Then Minchin changes the lyrics: “I love Jesus, I hate faggots,” he sings. “I love Jesus, I hate faggots.” The crowd stops singing along. Minchin looks up from his guitar, pretending not to understand what the problem could be.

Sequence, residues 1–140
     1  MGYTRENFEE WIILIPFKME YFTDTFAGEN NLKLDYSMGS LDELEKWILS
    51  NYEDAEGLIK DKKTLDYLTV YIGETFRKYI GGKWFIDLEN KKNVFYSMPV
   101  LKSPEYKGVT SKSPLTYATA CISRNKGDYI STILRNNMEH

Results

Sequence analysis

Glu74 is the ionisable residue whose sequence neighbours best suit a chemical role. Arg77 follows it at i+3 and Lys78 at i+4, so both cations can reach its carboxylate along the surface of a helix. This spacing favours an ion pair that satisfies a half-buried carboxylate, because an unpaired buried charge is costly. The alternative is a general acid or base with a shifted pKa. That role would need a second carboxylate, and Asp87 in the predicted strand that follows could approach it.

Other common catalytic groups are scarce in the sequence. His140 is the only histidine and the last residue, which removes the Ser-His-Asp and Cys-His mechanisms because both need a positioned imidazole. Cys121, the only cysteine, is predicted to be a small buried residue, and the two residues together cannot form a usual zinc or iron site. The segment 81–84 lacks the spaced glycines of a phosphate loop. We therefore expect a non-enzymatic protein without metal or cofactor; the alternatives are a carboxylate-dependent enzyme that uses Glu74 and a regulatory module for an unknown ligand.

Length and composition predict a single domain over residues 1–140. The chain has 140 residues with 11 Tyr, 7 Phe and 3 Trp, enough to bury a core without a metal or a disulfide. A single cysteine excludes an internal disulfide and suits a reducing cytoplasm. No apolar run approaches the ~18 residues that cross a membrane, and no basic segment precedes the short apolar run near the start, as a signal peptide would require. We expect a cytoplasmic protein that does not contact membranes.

“What happened? I just lost you there,” Minchin says. He makes a halfhearted attempt to get the singalong going again before giving up. “Ah, well,” he shrugs. “Maybe these are ideas best shared in churches.” Those ideas — loving Jesus means hating gay people — are proclaimed in Christian churches and on Christian television and radio broadcasts. The combined efforts of the Family Research Council, the National Organization for Marriage, “The 700 Club,” the United States Conference of Catholic Bishops, the Westboro Baptist Church, and countless conservative Christian activists, preachers and politicians have succeeded in making antigay bigotry seem synonymous with Christianity. This can cause a lot of heartache — with sometimes devastating consequences — for gay, lesbian, bisexual and transgender children born into fundamentalist or evangelical Christian families. Such was the case for Jeff Chu, the author of “Does Jesus Really Love Me? A Gay Christian’s Pilgrimage in Search of God in America.” Chu is an accomplished journalist who recently married his male partner. But Chu’s mother, a devout Baptist, didn’t attend her son’s wedding. She still cries herself to sleep every night, Chu writes, tormented by the certainty that her gay son is “lost.” As a child, Chu adored the song “Jesus Loves Me.” But does Jesus love him now that he’s an openly gay adult? Chu has his doubts: “There are still moments when I wonder whether my homosexuality is my ticket to hell.”